Introducing Cats To Each Other: Tips For Bringing Home A New Cat

Written by: Kelli Brinegar
For more than five years, Kelli Brinegar has been using her ability to write and her passion for research to tell the tale of what cats are thinking and why. She has provided care to more than 30 cats in her lifetime.Read more
| Published on May 20, 2020

Welcoming a new cat into your home is an exciting occurrence, but introducing cats to each other for the first time can be nerve-wracking.

While felines may act like the ultimate loners, having another cat in the house can do wonders for an only cat. But every cat has their own personality. This means growing the family by another cat can be an unpredictable affair. Some cats will welcome a housemate with open paws or at least a curious sniff before moseying on their way. Others might not be thrilled with the idea of a new kitty brother or sister and throw epic hissy fits.

Cat parents can never be quite sure! But these tips on introducing cats can help everybody get along. And, when our kitties love us and each other, life can be a dream in your own cat paradise.

Check out these tips for introducing cats to each other.

Take Introductions Slow

Jackson Galaxy Recommends Scent Before Sight

When you first bring your new cat home, be sure kitty has a safe room. This should be a quiet place with a door. This way, he can get used to new surroundings without worry. This safe space for the new cat also allows your cat an adjustment period too. Ideally, the new cat and your resident cat will be able to hear and smell each other, but can’t see or touch at this time.

Remember, this was your resident cat’s territory first and a new creature in a cat’s known territory can cause some stress. Keep her needs in mind too when introducing cats to each other.

While the cats are still separated, slowly introduce their smells further by offering both cats something with the scent of the other cat on it. Jackson Galaxy, cat daddy guru, recommends using what he refers to as “scent soakers”, or soft items that easily absorb smells, like blankets, stuffed toys, or beds.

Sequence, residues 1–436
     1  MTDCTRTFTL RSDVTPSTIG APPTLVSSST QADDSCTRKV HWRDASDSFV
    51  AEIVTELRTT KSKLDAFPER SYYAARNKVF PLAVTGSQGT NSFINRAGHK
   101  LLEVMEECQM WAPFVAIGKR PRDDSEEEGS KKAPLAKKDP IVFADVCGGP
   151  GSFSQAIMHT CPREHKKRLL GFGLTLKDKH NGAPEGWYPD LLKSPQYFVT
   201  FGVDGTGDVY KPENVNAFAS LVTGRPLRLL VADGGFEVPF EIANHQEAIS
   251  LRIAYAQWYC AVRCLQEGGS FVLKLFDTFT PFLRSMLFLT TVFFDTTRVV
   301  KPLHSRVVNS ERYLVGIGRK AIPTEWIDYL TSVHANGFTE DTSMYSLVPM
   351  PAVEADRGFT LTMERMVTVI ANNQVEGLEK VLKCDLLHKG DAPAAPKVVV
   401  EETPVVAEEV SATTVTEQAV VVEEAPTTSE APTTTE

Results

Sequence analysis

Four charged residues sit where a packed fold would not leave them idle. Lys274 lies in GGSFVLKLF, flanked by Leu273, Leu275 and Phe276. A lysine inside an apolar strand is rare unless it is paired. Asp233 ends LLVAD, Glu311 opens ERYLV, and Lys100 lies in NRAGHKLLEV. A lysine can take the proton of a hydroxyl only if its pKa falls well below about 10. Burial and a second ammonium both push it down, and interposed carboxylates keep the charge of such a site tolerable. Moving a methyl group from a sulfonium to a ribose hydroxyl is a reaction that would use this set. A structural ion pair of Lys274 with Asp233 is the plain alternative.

In his 5 part series on introducing cats to each other, Galaxy suggests, “You can also gently rub a clean sock or washcloth around the face of the cat to pick up scent that way.”

Once the soft item has had time to soak up the new cat’s scent, “gift” the item to your resident cat. Then, exchange a soft item of your cat’s and give it to the new cat in their safe room.

“This scent-before-sight protocol makes for a much more predictable and harmonious introduction because they can become familiar with each other prior to any visual assessment.”

Space Swap and Dinner Dates

Before the big meeting of cats, try a space swap by placing the new cat out in the house where the other cat roams. While new kitty explores home, put resident cats in the new cat’s safe space for a little awhile. This way you avoid interaction while the new cat is taking a peek around his new space. Your existing cat can also get more of a feel of the new cat by sniffing around the safe room.

“Site swapping allows each cat to explore the other’s territory without ever laying eyes on each other. This is also an opportunity for key signposts—like cat trees, litter boxes, etc.—to take on a shared scent,” explains Galaxy.

Once everybody’s back in their respective spaces, try feeding feed both cats at the same time with the food bowls moved to either side of the door separating the cats. While the cats are dining on either side of the door, they will hear and smell each other. Its kind of like a real blind date! Food is an ultimate motivator for cats. If the kitties can be comfy with each other while eating with the door between them, then you know you’re on your way to success.

The Big Reveal

If the cats seem to be tolerating these steps to introduction, then the time has come for the felines to meet visually. Galaxy recommends a limited first sight, allowing the cats to meet with a cracked door, pet gate, or screen door between them. This will be the test to reveal how the cats really feel about each other. Don’t be surprised at a hiss or two. Some cats like to make a little noise in a new situation. But, if you end this meeting feeling good about the interaction, you know its almost time to put the furry ones together.

Toys can be a great buffer for the introduction, but to keep the affair civilized, choose a room where you can control “the Unders and the Outs”.  Galaxy recommends play as a great ice breaker, but only if you block off any hiding spaces beneath furniture (Unders) and seal off exits (Outs). This keeps everybody visible in case playtime takes a turn towards a scuffle.

Once the room is sealed and the toys are in, start with both cats at opposite ends of the room. Bring them together slowly by way of their curious natures and love of toy destruction. Treats and encouraging words are a must too!

Be Sure Every Cat Has a Safe Space of Their Own